• oneself? Perhaps the oldest and most

  • fundamental question that I wish to examine in the course of this

  • semester is the question: what is a regime?

  • What are regimes? What are regime politics?

  • The term "regime" is a familiar one.

  • We often hear today about shaping regimes or about

  • changing regimes, but what is a regime?

  • How many kinds are there? How are they defined?

  • What holds them together, and what causes them to fall

  • apart? Is there a single best regime?

  • Those are the questions I want us to consider.

  • The concept of the regime is perhaps the oldest and most

  • fundamental of political ideas. It goes back to Plato and even

  • before him. In fact, the title of the book

  • that you will be reading part of for this semester,

  • Plato's Republic, is actually a translation of

  • the Greek word politea that means constitution or

  • regime. The Republic is a book

  • about the regime and all later political philosophy is a series

  • of footnotes to Plato, and that means that it must

  • provide a series of variations, so to speak,

  • on Plato's conception of the best regime.

  • But what is a regime? Broadly speaking,

  • a regime indicates a form of government, whether it is ruled

  • by the one, a few, the many,

  • or as more common, some mixture,

  • a combination of these three ruling powers.

  • The regime is defined in the first instance by how people are

  • governed and how public offices are distributed by election,

  • by birth, by lot, by outstanding personal

  • qualities and achievements, and what constitutes a people's

  • rights and responsibilities. The regime again refers above

  • all to a form of government. The political world does not

  • present itself as simply an infinite variety of different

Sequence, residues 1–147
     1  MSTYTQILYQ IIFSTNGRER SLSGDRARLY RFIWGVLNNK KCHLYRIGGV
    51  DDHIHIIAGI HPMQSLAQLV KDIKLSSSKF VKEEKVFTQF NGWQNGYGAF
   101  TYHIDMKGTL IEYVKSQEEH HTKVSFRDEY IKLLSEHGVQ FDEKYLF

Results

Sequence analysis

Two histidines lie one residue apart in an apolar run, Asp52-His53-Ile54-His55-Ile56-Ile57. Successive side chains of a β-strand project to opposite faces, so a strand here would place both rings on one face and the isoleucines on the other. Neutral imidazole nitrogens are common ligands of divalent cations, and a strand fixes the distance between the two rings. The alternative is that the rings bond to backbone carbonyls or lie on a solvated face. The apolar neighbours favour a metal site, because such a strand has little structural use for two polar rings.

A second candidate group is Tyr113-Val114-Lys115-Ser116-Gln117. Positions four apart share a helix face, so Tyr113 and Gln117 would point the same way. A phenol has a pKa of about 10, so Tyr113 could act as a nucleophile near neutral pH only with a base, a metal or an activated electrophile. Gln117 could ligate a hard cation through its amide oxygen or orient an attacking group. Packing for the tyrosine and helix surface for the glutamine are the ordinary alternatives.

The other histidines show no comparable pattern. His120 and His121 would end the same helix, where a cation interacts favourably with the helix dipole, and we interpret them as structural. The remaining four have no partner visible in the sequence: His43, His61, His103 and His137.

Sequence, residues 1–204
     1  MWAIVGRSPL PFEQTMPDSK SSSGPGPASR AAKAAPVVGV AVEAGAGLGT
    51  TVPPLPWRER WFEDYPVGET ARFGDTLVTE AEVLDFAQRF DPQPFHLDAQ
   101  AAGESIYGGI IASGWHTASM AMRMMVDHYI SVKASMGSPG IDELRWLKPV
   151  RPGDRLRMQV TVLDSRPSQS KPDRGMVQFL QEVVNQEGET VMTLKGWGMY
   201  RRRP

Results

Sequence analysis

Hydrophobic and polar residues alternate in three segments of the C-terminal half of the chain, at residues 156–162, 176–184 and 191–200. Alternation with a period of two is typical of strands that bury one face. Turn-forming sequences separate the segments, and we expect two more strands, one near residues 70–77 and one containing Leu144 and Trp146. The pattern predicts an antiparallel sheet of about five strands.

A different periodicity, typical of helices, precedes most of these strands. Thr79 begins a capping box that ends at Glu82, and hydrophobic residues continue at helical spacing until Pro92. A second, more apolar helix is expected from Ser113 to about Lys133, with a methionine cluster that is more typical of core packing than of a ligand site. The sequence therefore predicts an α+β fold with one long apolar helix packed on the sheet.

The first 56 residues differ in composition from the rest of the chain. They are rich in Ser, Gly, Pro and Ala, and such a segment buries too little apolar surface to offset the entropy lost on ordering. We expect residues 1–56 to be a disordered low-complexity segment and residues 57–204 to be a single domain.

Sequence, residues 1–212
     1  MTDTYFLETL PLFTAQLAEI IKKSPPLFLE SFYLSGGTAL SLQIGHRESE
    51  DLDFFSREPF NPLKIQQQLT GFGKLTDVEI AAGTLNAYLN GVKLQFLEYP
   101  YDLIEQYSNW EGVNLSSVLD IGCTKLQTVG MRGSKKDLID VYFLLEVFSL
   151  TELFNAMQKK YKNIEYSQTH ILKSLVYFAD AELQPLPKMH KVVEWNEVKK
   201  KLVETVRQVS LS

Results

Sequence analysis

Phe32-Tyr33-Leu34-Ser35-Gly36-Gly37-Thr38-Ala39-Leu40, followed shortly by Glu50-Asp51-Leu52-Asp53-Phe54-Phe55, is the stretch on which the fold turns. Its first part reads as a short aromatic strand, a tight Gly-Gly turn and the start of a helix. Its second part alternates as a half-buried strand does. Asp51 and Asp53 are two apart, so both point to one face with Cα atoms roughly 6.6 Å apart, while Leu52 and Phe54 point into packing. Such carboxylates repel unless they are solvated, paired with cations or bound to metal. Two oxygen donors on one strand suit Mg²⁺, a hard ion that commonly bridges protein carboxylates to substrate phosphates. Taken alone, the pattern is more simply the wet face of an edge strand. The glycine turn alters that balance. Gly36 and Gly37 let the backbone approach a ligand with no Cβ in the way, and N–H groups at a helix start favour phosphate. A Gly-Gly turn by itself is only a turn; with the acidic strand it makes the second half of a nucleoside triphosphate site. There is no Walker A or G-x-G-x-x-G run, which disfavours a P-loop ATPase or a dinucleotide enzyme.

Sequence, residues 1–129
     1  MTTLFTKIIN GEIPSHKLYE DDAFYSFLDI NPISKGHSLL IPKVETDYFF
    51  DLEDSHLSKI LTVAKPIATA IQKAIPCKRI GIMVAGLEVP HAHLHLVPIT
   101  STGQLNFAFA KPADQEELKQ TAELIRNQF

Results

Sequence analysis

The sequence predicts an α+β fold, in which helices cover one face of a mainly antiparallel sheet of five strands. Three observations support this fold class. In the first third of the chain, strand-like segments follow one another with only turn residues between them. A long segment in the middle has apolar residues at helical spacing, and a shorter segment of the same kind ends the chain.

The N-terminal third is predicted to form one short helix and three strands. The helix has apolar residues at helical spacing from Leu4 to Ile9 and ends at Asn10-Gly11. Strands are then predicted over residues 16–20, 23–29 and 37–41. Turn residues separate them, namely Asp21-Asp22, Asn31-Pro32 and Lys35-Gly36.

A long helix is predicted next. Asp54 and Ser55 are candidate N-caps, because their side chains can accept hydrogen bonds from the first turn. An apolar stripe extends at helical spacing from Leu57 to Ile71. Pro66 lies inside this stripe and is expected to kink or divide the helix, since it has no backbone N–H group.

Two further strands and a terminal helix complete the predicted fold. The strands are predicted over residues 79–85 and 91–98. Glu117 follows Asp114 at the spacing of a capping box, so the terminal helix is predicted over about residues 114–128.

• shapes. It is structured and ordered

  • into a few basic regime types. In this, I take it to be one of

  • the most important propositions and insights of political

  • science.

  • Right? So far?

  • But there is a corollary to this insight.

  • The regime is always something particular.

  • It stands in a relation of opposition to other regime

  • types, and as a consequence the possibility of conflict,

  • of tension, and war is built in to the very structure of

  • politics. Regimes are necessarily

  • partisan, that is to say they instill certain loyalties and

  • passions in the same way that one may feel partisanship to the

  • New York Yankees or the Boston Red Sox,

  • or to Yale over all rival colleges and institutions,

  • right? Fierce loyalty,

  • partisanship: it is inseparable from the

  • character of regime politics. These passionate attachments

  • are not merely something that take place, you might,

  • say between different regimes, but even within them,

  • as different parties and groups with loyalties and attachments

  • contend for power, for honor, and for interest.

  • Henry Adams once cynically reflected that politics is

  • simply the "organization of hatreds,"

  • and there is more than a grain of truth to this,

  • right, although he did not say that it was also an attempt to

  • channel and redirect those hatreds and animosities towards

  • something like a common good. This raises the question

  • whether it is possible to transform politics,

  • to replace enmity and factional conflict with friendship,

  • to replace conflict with harmony?

  • Today it is the hope of many people, both here and abroad,

  • that we might even overcome, might even transcend the basic

  • structure of regime politics altogether and organize our

  • world around global norms of justice and international law.

  • Is such a thing possible? It can't be ruled out,

  • but such a world, I would note--let's just say a

  • world administered by international courts of law,

  • by judges and judicial tribunals--would no longer be a

  • political world. Politics only takes place

  • within the context of the particular.

  • It is only possible within the structure of the regime itself.

  • But a regime is more than simply a set of formal

  • structures and institutions, okay?

  • It consists of the entire way of life, the moral and religious

  • practices, the habits, customs, and sentiments that

  • make a people what they are. The regime constitutes an

  • ethos, that is to say a distinctive

  • character, that nurtures distinctive human types.